Effective Financial Strategies for Empty Nesters

By: Alex Trent | Published: Feb 20, 2024

As your kids start to move out and away from home for the next phase of their lives, you must also prepare for the next phase of yours. While you will likely experience fewer expenses now that your kids are moving out, there will be additional challenges you might not think of.

Keep reading to find out which financial strategies you can take advantage of now that you are an empty nester.

Who Are Empty Nesters?

The term “empty nester” describes a parent or grandparent whose children have become adults and no longer live with them. Being an empty nester means you have successfully raised your children well enough for them to be self-sufficient and contribute to society.

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An empty bird nest built into a tree.

Source: Derek Harper/Wikimedia

Despite this success, many empty nesters feel a loss of purpose and find themselves with much more space and free time than they had before.

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Empty Nest Syndrome

A common term used to describe the melancholy that parents feel when their children move out of the house is called “empty nest syndrome.” Upset parents who once had regular interactions with their children find those interactions increasingly infrequent.

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A woman looking sullen while sitting on a bench.

Source: Andreea Popa/Unsplash

This can lead to a form of depression that, if you aren’t careful, could contribute to financial expenses and other consequences you might not have considered.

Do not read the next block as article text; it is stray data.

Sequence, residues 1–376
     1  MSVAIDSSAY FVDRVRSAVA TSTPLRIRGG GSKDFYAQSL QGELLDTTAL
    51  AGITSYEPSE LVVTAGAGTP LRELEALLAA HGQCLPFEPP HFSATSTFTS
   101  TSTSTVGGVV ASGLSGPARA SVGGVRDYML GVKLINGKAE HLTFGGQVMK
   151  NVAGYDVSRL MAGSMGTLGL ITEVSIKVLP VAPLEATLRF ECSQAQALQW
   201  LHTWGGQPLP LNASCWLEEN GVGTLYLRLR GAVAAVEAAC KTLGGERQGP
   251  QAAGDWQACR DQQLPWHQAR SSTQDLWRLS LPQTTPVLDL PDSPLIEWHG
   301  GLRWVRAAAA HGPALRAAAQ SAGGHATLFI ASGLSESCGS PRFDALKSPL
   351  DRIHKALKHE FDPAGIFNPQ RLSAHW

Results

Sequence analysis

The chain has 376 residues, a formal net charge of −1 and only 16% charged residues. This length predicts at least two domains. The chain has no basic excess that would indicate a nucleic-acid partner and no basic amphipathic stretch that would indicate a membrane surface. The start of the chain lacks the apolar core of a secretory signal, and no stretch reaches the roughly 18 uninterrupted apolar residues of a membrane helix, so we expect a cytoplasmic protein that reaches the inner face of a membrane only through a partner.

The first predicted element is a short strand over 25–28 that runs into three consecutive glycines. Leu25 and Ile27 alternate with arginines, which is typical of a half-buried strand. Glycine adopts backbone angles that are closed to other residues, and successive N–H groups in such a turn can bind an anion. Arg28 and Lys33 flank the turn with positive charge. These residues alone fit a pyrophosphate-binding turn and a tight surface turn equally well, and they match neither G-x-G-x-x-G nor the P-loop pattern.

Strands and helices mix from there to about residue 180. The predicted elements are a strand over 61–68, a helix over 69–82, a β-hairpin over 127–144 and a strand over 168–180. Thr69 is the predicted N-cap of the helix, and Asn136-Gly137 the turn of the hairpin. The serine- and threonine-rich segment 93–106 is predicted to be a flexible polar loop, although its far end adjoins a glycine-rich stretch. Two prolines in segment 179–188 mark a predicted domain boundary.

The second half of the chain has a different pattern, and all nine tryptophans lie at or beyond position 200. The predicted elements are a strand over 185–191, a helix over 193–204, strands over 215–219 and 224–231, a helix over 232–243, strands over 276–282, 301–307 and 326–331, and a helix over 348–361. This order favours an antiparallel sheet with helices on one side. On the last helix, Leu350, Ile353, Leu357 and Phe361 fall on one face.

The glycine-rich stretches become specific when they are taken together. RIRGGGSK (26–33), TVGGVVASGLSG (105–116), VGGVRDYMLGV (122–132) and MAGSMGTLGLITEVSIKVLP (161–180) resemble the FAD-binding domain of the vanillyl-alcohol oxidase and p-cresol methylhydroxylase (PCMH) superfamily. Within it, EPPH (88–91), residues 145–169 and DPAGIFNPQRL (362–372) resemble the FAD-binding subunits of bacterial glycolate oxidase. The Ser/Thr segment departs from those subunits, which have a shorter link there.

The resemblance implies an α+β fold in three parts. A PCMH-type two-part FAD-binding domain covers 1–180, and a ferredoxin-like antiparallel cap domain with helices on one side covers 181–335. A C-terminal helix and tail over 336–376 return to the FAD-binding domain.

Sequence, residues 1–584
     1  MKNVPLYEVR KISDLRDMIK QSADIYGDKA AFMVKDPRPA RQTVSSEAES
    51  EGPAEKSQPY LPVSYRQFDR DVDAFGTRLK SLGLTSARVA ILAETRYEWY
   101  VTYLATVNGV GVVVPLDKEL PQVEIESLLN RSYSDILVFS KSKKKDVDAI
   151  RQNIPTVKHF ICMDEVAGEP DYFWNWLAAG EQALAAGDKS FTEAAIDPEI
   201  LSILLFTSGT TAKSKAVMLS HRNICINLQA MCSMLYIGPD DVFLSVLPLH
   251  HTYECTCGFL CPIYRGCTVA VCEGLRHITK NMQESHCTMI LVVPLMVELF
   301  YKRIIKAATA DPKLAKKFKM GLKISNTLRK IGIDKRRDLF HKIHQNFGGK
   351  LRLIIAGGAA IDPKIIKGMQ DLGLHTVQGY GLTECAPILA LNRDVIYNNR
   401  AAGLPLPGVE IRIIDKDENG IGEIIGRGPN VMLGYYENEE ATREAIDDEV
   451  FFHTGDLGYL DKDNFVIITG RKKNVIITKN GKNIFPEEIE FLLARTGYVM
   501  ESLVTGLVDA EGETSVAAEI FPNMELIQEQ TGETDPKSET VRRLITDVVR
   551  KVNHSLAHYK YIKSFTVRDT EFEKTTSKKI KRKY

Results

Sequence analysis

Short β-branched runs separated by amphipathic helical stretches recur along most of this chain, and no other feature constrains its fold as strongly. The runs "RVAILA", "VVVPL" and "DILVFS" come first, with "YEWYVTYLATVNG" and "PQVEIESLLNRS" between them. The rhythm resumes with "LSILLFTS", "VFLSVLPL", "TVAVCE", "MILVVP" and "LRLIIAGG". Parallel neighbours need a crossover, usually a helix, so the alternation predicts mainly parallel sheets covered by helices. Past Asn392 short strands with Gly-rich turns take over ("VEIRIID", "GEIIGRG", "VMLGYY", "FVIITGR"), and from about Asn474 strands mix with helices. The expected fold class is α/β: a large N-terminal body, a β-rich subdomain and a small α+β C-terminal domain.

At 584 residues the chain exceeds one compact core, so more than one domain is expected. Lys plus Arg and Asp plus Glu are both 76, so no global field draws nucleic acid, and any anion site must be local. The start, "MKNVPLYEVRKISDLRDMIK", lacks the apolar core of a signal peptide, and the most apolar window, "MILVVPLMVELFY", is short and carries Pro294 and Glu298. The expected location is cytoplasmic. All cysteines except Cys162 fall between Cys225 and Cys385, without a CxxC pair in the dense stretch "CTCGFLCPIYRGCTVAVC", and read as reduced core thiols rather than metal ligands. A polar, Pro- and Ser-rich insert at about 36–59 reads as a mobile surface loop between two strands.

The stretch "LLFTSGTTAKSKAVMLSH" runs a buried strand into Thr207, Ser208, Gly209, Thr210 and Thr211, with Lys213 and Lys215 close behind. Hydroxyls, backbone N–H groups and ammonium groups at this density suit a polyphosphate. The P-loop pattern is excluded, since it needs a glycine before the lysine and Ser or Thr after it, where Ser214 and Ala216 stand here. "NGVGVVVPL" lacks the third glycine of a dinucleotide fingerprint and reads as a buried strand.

Don’t Let Old Toys Pile Up

One of the consequences of empty nest syndrome is a tendency for empty nesters to horde or stockpile childhood toys that remind them of days gone by.

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An old teddy bear on a shelf.

Source: David Griffiths

To combat this, when your kids move out, make it a point to get rid of or sell old toys that they played with. Try to only keep a few items for nostalgic reasons, and don’t let an accumulation of things take the place of the relationship of your children.

Remodel Your Home

When children move out, you will suddenly find yourself with plenty of extra space to use, like their former rooms. Some empty nesters turn these rooms into places where old stuff gets piled up. Remove the temptation to pile things in these rooms by investing in your house through a remodel.

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A home being remodeled.

Source: Milivoj Kuhar/Unsplash

A remodel can make it so the space can be more effectively used, and money invested in your house will improve its value, setting you up for success financially in the future.

Sell Old Books

Another common item that builds up over the time of raising a child is books. You will have likely bought books for your child over the years, from picture books to young adult novels to supplemental materials for school. Did you know that Amazon has a buying program for books?

A pile of old books.

Source: Chris Lawton/Unsplash

Take advantage of modern convenience to turn these old books into cash to help better secure your financial future.

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Look Through Your Albums